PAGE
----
Everyone experiences challenges! Some of the challenges I have faced include feelings of isolation and lack of connection within the university environment. When tutorials were online, my ability to connect and socialise with others was significantly impacted. I found engaging with the Badanami Centre in the weekly online Yarns really refreshing and great way to connect with people.

I hope to be an inspiration to other young Indigenous Australians in the pursuit of tertiary education and opportunity. I believe there is a great potential for Australian organisations to better engage with and learn from Aboriginal and Torres Strait Islander Communities. I envision myself working between the fields of people and culture, and First Nations matters. I am passionate about helping organisations create culturally safe workplaces and facilitating collaboration with local Indigenous Communities which aids reconciliation and the promotion of self-determination.

You are clearly a busy person with lots of commitments, what are your top tips towards success for other Indigenous Western Sydney University students?

1. Do things that will get you where you want to be. Assess the suitability of opportunities in their contribution in getting you where you want to be, both in professional and personal contexts. Pursuing many opportunities with various directions will often compromise your effectiveness in achieving what you want to.

2. Take time to be on Country. Country restores and rejuvenates. It is where we come from and where we will return to. Whether it be a walk, run or just sitting, I have found that getting out on Country is so beneficial for mental health, physical health and all aspects of our wellbeing.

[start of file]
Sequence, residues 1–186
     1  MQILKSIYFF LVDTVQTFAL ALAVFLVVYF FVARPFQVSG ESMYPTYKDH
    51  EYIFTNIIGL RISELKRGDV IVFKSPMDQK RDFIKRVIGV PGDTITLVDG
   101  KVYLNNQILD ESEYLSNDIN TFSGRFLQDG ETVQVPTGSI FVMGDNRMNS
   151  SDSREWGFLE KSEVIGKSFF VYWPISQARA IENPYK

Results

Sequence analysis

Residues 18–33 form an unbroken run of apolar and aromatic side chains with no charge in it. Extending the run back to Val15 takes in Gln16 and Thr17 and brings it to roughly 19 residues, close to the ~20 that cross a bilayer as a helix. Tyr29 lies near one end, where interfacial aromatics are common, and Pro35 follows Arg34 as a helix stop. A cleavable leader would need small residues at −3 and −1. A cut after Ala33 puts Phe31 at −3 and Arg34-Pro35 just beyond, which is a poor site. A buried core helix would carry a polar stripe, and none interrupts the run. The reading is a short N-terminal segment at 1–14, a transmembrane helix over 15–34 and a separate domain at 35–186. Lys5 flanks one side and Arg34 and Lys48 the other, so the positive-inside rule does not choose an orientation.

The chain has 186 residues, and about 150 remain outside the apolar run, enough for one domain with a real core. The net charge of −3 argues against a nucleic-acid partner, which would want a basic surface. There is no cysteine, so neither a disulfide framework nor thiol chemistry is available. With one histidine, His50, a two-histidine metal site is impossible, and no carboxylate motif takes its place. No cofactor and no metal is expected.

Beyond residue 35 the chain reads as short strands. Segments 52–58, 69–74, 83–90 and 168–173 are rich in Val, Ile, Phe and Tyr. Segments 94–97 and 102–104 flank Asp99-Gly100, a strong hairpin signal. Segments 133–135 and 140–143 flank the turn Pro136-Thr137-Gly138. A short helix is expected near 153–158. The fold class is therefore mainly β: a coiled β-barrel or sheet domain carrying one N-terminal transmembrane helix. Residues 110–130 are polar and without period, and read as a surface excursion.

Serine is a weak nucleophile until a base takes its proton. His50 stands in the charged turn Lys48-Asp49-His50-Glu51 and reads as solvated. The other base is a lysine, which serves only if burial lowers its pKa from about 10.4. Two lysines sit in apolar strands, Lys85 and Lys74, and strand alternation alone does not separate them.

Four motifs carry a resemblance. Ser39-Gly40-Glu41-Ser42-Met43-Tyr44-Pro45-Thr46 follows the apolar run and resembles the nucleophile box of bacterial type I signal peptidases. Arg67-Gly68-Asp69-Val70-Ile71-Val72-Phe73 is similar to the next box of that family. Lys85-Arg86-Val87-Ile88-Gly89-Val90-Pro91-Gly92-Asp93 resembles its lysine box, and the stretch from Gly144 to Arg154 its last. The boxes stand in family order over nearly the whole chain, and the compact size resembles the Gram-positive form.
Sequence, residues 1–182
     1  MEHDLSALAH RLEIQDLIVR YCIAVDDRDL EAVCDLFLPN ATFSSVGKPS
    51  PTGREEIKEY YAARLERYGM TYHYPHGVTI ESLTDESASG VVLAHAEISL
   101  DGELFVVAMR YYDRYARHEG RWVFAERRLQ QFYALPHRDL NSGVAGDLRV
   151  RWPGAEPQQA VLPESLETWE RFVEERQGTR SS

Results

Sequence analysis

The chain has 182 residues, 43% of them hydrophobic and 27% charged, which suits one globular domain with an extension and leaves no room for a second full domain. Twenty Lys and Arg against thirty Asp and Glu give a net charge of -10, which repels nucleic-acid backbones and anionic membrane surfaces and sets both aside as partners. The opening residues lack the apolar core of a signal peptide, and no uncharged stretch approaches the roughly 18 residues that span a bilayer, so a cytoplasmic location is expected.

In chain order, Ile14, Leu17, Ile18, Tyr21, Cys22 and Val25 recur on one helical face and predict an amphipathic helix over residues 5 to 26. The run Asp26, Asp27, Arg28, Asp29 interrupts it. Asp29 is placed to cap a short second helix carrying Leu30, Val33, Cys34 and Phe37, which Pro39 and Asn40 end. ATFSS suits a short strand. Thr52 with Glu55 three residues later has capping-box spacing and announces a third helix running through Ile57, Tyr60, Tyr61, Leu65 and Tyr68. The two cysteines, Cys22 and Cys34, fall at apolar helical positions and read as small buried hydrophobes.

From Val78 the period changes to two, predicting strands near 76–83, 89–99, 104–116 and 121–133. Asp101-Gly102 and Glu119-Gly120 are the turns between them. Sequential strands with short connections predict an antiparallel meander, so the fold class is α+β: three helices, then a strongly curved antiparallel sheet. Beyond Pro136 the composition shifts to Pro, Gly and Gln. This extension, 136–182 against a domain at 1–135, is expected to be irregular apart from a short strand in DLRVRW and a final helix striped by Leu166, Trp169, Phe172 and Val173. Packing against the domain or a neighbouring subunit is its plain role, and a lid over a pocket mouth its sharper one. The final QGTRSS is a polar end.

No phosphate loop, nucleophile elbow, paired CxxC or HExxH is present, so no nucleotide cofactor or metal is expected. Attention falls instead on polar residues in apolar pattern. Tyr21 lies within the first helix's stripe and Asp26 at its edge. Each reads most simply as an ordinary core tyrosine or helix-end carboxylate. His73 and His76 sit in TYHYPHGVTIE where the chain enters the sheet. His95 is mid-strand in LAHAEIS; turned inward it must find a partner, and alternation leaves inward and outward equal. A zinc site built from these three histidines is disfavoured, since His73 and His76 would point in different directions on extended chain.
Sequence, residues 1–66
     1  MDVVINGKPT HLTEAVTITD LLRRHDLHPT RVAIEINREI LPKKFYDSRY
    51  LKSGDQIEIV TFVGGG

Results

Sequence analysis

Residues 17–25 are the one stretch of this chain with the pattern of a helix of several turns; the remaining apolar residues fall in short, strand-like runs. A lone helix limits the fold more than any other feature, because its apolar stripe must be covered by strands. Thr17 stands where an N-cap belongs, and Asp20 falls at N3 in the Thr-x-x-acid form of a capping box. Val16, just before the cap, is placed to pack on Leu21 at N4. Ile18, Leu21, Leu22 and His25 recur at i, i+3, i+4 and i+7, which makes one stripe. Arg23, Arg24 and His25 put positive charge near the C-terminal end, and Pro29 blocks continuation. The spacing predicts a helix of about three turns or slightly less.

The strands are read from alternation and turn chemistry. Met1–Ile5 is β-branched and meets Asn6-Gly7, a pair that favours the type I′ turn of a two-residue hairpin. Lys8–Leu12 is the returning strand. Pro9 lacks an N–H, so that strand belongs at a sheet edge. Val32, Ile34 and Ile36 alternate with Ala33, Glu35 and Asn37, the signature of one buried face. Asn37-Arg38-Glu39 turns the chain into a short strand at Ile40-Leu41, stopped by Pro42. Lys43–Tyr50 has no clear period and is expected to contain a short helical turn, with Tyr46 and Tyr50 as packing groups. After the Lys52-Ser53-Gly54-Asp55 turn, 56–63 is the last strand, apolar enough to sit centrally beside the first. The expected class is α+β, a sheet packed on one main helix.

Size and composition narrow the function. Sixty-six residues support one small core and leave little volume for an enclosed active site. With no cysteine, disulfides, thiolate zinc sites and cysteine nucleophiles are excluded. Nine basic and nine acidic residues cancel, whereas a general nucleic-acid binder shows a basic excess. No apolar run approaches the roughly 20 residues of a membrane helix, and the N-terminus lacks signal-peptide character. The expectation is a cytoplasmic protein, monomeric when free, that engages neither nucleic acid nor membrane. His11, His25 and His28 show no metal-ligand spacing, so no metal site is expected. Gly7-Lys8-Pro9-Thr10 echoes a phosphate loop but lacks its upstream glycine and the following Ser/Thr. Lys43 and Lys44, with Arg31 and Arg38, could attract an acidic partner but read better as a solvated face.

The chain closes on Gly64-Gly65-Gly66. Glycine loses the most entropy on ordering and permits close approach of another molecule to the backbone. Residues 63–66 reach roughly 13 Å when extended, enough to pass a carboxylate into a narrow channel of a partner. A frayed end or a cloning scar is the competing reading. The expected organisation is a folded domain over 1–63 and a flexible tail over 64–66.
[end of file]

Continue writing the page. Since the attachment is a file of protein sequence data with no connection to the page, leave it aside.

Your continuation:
3. Get yourself plugged into a community. I have found so much value in getting involved with various communities as a young Indigenous person including the Badanami Centre and CareerTrackers Internship Program. Meet new people, listen to their stories, and grow in relationship. Some of the most valuable guidance and advice has come from people I’ve met through these communities.

9 The Yarning Circle | Western Sydney University | Summer 2022
Kobi Newell.


program throughout high school and to have received an offer or have applied to study at Western Sydney University.

Sharidan aspires to have a successful career that focuses on academic research, social advocacy, activism and social policy analysis. She is incredibly determined to use her academic ability to gain as much knowledge as possible while undertaking her double degree, so that one day she can work within an organisation that supports the wellbeing of Indigenous and non-Indigenous communities, families and children.

a 65 ATAR entry requirement you may be eligible! It only takes 20 minutes to apply,” said Christopher Miller.

Sharidan Kearney said the Pathways to Dreaming scholarship has strongly supported her learning journey through university.

Pathways To Dreaming Scholarship supports first-year Ngiyampaa, Wiradjuri and Yorta Yorta student to achieve her academic aspirations

Sharidan Kearney is a proud Ngiyampaa, Wiradjuri and Yorta Yorta woman. She was born in Blacktown and grew up in Western Sydney on Darug land. Sharidan is a first year Bachelor of Arts/Bachelor of Social Science student at Western Sydney University and was lucky enough to be the 2022 Pathways To Dreaming scholarship recipient. The scholarship is valued at $5,000 per year for up to four years and requires applicants to be active participants in the Pathways to Dreaming

3-minute thesis winner in The MARCS InstituteChantelle Khamchuang

Western Sydney University would like to congratulate Chantelle Khamchuang who recently won the MARCS Institute for Brain, Behaviour and Development’s Three-Minute Thesis competition. The Three-Minute Thesis is an international competition for higher degree research candidates to showcase their research. Candidates present to an audience on what their research is and why it is important in plain language for three minutes, with only a single PowerPoint slide.